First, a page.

An indiscernible sonic energy emanates from behind a brick wall, causing the structure to shake and moan. The low frequencies take shape as a muffled pulsation, forcing each sun-dried piece of red clay to tremble in its slot. Groups of people approach the building, dropped off by taxis and Ubers, walking from their homes and their parked cars, attracted to the sound traversing the block on the frigid winter evening. They cross the street without delay, eager to escape the freezing air. A sign clings to the side of the wall, its Gothic letters reading, “Enter Here.” An arrow points down to double wooden doors, flanked by two tall men. They stare towards the street, unmoving, sturdier than the building behind them. They analyze the incoming bodies. One of the men shuffles his hand, dragging his fingers out of his jeans pocket, and then picks a cigarette and a Zippo out of a pouch in his coat. He lights, drags, and blows a gray nebula into the moonlit void. The other man opens the doors for a group of three; the building takes a breath, letting a hot, sweaty puff of aroma and humid air escape from inside and up into the clear black sky.

A line forms indoors, in front of a large ballroom. A heavy dark smoke fills the air, choking the dimly-lit room with the scent of burning marijuana, nose-stinging vomit, wet bodies and dollar-store perfume. Victorian-era gilt-iron chandeliers hang on rusted chains from the low ceiling, emitting a sickening yellow haze, piercing through the cloud and illuminating the area with a claustrophobic glow. Breathing becomes a heavy mechanism, fed with a bad air that taxes the lungs, a grueling inflation and deflation of poisoned oxygen. In line, a man in ripped baggy jeans tucked into green combat boots leans over to the girl whose hand he clutches. “Tonight’s going to be epic,” he groans into her ear. Her dingy hair whips around her skull as her head swivels.

“I might just go home with you tonight. If you’re lucky. Who knows who I could find here.” The man laughs, his mouth full of decaying amber teeth.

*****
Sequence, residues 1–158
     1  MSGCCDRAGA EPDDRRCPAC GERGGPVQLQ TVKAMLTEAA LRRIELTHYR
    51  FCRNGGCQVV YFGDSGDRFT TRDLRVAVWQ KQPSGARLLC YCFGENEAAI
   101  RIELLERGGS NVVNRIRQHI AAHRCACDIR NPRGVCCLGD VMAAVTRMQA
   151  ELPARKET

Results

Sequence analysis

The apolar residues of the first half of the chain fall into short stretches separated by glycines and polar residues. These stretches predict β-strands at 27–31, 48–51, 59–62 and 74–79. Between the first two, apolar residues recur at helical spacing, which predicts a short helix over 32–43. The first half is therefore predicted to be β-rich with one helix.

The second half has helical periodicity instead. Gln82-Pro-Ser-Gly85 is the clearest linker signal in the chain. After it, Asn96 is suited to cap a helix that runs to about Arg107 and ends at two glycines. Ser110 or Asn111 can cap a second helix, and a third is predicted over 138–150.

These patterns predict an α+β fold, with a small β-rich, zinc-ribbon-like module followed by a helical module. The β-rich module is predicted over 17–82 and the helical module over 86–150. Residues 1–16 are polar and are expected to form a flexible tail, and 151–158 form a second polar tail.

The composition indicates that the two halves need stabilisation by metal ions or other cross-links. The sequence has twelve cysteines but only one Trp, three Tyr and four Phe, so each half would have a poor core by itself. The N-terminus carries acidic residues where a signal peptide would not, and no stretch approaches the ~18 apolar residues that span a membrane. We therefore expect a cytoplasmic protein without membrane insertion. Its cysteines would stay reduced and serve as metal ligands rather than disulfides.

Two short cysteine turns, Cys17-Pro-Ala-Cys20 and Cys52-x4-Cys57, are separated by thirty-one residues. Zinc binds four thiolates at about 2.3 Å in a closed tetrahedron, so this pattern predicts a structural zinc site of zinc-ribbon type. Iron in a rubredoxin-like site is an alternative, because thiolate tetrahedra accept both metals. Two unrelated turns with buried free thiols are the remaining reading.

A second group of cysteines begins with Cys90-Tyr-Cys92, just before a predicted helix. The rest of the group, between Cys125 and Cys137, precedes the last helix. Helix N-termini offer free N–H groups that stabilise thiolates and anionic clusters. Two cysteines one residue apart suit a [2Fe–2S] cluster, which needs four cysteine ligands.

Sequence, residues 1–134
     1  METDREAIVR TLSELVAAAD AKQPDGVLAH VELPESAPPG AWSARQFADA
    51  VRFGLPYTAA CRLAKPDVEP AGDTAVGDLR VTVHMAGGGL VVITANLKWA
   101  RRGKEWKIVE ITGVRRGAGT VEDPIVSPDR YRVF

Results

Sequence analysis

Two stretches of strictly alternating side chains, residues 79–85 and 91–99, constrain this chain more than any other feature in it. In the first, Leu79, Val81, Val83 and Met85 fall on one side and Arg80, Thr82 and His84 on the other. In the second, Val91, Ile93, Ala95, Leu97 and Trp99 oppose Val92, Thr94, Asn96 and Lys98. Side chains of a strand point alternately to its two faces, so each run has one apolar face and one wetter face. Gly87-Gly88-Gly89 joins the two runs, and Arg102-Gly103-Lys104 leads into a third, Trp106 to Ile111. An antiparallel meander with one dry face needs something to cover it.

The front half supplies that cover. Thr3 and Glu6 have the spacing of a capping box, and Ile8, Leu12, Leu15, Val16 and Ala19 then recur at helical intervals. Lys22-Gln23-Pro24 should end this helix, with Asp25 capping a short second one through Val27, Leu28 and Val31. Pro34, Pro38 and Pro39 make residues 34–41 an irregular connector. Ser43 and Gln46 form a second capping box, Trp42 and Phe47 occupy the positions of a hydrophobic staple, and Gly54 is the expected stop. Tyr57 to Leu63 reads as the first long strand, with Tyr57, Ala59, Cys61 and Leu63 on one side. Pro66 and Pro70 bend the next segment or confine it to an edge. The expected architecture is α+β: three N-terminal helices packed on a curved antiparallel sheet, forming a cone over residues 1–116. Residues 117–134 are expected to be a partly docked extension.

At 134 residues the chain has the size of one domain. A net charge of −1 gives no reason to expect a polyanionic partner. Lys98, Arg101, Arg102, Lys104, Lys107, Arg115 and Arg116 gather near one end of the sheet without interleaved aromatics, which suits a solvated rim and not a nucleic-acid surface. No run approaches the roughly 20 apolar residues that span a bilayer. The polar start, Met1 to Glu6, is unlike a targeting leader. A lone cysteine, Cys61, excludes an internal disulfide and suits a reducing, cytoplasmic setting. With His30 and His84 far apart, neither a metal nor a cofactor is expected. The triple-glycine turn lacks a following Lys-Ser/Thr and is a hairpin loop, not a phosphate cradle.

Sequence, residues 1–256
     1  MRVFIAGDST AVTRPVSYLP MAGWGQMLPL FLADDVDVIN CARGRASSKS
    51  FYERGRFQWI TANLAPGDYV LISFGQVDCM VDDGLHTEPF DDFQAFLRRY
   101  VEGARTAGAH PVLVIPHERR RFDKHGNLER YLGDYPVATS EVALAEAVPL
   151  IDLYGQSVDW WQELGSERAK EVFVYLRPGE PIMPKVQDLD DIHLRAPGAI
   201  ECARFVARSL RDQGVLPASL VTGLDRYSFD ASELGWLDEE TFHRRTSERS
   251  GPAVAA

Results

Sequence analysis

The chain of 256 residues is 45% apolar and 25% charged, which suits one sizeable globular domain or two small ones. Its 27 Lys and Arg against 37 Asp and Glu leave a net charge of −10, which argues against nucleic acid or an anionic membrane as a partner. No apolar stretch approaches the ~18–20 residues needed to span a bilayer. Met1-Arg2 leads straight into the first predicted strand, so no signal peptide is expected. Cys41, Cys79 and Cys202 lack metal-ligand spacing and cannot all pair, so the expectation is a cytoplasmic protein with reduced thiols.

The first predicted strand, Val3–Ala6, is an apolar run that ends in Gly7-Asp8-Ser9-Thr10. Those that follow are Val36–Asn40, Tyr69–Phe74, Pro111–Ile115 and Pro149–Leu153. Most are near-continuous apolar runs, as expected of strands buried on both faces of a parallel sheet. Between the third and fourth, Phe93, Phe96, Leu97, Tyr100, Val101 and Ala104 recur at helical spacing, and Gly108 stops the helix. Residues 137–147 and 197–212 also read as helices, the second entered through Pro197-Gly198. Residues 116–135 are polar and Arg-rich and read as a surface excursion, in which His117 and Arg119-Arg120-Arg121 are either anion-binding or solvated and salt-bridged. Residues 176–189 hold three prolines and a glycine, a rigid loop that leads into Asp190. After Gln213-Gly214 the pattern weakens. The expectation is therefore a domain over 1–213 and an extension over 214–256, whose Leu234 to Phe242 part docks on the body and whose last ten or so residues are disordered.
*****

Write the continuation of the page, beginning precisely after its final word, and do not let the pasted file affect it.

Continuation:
I approach the ticket counter. “Welcome to Cervantes Masterpiece Ballroom,” says the female checker through full lips bathed in shiny red makeup. She studies my face for a moment. “You’re not going to be drinking tonight,” she comments, as she pops the cap off of a black sharpie. “Give me your hand.” I feel the cold ink seep into my skin, as she scrawls an X on my right hand. “Stay away from the bar, have fun.”

I enter a feverish mass: blood-red lips, running mascara, low-cut tops, and push-up bras; malicious smiles and dark gazes from a pool of black eyes and circus-colored faces; exotic piercings, treasure chests of jewels and bounty punctured through inflamed holes in pale membranes; tattoos of skulls impaled on spikes and Chinese dragons emerging from cleavage, winding upwards to the neck and spraying fire on the right cheek; crooked spines and wretched grins and dirty, yellow, painful teeth; ragged, knotted hair hanging down from waxy skin stretched across ailing craniums. Breathing comes at a price; the energy used to sort through hundreds of bags could be fatal.

Eardrums wail for rescue; two enormous PA speakers, titans resting on the stage, assault the dance floor with sound. The crowd thickens, a gradient of savagery and primal animation. Grinding masses of flesh and ghoulish frames dance to the rhythm of electronic music, in an ode to animalistic ancestry and the inescapable macabre. The murky bouquet of body odor and drug waste radiates from the dance floor. On the boundary, red blood sprays out of a woman’s morbid nose, all over the dirty counter of the bar, dotted with crimson-soaked napkins and circles of shot glasses sprinkled with droplets of nasal gore. The bartender ignores the woman; she pours a beer and graces the floor behind the counter with an elegant nature and ample room to sway to the beat, serving drinks without making eye contact.